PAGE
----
Two Self Portraits – oil on canvas – 40 x 51 cm each
It’s a long time since I last painted any self portraits during the course of my life I’ve painted a few. I do it partly because it’s a good way of getting some practice at observational painting. And I can do it in my time so it’s different from working with a model. Having to keep still whilst working adds some tension to these kinds of portraits.
Recently I’ve been painting using much cooler ground colours. When I paint I dilute the oils with a medium which I make myself using liquin, refined linseed oil and genuine turpentine. I have this made up in different ways depending on how translucent I want the glaze to be. With glazes it’s possible to create very subtle effects of shade and colour. I rarely use impasto or try to build up swirls of expressive paint. And I never paint onto white because the ground colour effects the overall tone of a picture it also means that the colours I’m using will always be in a different key. When I paint I mostly use a palette of seven colours plus white. I have two reds, two blues; the same tint of yellow in two shades and two earth colours. This palette is based on the primary colours, the use of a limited palette helps to prevent colour from becoming muddy or turgid. Numerous tints are available but most of them can be mixed from a small palette, the only two that can’t are viridian and magenta, however I rarely need these extreme colours. I mix my own black using ultramarine and burnt sienna and sometimes some red depending on the ground colour. The advantage of mixing black in this way is this, with a tiny bit of white it can be either cool or warm. When I tried using blacks such as ivory black or lamp black I found that they deadened the colour. Having a ground colour means that I use less white, and obviously white can be effective in a way that it never could if you was painting onto a white canvas. If you paint onto a white canvas then a lot of white will have to be added to all of the mixes to make the colours light enough. As white is essentially opaque this will reduce the luminosity of the colour however some people like this effect.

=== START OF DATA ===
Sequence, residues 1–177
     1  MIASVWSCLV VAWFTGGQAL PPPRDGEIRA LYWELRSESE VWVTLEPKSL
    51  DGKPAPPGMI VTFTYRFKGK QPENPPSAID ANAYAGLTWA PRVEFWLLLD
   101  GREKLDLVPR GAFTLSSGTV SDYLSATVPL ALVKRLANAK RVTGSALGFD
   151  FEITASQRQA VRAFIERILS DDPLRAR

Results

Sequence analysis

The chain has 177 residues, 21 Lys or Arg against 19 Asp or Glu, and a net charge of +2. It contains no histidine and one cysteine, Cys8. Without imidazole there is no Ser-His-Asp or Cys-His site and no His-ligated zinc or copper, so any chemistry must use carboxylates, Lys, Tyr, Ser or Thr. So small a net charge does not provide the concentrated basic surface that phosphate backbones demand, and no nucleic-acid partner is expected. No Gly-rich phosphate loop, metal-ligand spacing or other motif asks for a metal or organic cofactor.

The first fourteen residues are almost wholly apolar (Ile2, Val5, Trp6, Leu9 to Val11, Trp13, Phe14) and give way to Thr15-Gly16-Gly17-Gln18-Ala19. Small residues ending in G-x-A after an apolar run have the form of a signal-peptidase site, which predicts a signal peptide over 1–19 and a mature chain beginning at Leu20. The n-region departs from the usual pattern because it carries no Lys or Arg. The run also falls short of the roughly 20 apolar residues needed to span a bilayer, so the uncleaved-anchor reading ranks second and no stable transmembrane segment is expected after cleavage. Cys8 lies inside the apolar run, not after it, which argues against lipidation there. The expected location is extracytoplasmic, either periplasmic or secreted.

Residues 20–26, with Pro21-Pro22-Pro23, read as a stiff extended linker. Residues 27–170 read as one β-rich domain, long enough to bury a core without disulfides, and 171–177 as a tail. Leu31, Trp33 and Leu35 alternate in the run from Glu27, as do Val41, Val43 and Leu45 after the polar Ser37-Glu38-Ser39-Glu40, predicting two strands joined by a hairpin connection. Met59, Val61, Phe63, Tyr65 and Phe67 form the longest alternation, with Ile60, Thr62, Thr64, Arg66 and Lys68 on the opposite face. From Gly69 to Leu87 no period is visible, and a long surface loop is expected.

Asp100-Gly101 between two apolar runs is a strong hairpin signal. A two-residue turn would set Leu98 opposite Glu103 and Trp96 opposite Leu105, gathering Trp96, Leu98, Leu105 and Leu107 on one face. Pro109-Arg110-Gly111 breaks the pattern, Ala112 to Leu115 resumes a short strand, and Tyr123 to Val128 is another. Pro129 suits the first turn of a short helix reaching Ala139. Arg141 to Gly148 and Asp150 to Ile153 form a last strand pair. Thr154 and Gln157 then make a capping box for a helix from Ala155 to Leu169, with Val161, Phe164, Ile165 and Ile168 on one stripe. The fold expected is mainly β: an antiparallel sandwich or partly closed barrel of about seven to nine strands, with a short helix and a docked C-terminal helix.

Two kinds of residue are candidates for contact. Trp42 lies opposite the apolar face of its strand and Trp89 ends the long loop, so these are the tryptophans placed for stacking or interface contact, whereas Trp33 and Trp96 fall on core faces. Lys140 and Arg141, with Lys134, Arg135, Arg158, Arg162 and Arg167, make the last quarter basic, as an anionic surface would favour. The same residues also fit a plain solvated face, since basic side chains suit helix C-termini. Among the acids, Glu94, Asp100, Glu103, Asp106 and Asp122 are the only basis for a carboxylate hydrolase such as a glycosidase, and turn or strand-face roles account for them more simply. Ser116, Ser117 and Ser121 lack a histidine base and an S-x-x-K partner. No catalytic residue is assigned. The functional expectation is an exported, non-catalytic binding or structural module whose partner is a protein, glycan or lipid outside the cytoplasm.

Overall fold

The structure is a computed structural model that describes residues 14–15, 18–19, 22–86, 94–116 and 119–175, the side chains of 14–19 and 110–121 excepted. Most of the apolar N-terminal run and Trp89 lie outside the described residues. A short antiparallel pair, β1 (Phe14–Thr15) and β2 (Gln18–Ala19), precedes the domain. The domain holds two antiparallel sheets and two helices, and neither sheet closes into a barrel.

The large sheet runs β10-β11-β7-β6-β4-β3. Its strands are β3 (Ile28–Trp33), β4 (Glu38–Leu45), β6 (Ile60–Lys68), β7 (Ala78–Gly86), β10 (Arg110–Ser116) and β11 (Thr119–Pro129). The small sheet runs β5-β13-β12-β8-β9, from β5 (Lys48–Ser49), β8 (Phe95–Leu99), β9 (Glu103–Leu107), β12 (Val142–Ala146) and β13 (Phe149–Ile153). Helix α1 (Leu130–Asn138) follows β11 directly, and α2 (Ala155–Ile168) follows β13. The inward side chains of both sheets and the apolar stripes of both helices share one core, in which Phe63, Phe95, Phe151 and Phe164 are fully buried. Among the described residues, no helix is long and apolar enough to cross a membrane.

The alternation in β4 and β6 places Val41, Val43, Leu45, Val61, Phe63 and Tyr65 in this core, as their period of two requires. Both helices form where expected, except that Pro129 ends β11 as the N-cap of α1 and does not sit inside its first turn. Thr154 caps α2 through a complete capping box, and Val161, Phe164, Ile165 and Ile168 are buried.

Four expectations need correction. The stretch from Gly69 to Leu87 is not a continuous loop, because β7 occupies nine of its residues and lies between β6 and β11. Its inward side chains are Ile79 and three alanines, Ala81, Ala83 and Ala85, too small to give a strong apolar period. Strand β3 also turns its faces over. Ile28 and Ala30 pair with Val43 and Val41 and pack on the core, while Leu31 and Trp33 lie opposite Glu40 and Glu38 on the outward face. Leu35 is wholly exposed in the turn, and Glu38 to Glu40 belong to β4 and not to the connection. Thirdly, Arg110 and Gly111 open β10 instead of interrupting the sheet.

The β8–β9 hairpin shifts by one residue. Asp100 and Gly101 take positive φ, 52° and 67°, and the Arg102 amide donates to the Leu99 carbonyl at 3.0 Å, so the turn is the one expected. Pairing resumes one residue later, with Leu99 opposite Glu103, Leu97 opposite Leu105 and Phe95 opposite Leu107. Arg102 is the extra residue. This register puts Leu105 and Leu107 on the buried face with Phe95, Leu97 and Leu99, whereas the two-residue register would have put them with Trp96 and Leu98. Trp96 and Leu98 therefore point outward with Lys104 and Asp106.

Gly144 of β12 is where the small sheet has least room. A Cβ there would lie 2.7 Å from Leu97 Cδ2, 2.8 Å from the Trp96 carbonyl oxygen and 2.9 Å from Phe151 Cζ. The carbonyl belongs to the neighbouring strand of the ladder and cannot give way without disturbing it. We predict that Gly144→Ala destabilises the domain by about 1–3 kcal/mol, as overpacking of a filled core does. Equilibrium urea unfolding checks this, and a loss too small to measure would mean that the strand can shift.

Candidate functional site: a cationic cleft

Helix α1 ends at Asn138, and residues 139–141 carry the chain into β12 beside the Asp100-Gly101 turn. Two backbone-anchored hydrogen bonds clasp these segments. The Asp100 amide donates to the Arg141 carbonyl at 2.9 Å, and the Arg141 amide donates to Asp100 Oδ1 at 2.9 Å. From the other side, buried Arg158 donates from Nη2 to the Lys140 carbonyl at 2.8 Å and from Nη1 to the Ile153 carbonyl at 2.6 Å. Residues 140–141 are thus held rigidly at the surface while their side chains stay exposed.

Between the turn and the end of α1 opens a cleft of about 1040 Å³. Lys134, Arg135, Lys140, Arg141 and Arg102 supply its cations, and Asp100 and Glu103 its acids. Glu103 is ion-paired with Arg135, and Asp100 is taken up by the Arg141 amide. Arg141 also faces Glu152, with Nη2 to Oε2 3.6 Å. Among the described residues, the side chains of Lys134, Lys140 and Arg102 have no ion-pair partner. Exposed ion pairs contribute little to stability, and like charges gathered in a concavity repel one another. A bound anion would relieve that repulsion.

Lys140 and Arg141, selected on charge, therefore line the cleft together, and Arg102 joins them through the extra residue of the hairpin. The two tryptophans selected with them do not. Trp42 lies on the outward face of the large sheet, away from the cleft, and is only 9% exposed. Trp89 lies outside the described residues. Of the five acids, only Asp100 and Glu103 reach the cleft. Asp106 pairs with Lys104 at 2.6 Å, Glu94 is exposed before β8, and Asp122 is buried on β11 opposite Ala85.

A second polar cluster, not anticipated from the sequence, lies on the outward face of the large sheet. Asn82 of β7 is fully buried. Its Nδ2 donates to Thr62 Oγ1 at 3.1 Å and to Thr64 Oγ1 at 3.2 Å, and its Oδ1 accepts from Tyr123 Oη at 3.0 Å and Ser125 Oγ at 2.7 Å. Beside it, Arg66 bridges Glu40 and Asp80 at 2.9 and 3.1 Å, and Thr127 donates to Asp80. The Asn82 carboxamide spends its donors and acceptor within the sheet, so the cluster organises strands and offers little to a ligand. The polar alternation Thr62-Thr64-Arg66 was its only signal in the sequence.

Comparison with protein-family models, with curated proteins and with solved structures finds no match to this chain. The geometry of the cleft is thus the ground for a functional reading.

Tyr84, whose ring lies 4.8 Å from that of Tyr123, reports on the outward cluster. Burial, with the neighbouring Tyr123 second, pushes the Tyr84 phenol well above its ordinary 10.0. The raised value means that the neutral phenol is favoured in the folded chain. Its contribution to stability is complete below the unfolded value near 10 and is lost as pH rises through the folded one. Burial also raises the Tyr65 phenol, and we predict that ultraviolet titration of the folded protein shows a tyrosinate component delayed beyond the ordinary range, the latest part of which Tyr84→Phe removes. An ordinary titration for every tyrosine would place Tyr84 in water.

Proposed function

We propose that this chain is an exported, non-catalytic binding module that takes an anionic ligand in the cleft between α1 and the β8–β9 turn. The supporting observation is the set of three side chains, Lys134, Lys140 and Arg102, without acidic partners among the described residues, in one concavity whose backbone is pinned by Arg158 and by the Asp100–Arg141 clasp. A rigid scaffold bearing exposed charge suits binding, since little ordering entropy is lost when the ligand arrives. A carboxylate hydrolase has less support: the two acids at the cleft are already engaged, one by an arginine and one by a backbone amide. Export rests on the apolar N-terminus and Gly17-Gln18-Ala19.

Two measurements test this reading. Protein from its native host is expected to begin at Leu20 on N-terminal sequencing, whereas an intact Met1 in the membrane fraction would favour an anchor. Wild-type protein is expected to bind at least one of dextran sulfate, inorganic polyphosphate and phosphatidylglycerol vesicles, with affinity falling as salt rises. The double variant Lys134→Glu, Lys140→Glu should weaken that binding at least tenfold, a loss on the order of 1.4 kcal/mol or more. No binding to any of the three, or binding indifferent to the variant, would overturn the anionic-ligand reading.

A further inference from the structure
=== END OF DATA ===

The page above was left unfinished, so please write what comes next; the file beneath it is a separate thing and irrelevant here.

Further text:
With these two self portraits I can see quite a difference between the warm ground and the blue ground. I think I prefer the warm ground when looking at these two pictures but I will be using blue/grey grounds much more in the future.
The use of ground colours goes back to the 14th century when oil painting was first developed in western art. We know that many artists used grounds because of numerous unfinished works that exist such as ‘Adoration of the Magi’ by Leonardo da Vinci. In this picture Leonardo favours a warm brownish colour. Warm browns, tawny hues or grey grounds have been popular with many artists. To give just a few examples Rubens favoured brown or grey, Rembrandt usually brown, most of Goya’s portraits are painted onto orange grounds, Constable favoured a mixture of earth colours and the list goes on. In the 19th century certain Pre Raphaelite and Impressionist artists experimented with brilliant white grounds hoping that this would enable them to get more light into their pictures and in some cases it may have worked. However to my eye green always looks insipid when painted onto white.The Russian painter Shishkin painted onto white and although I admire many of his pictures after awhile the colours begin to look very much the same.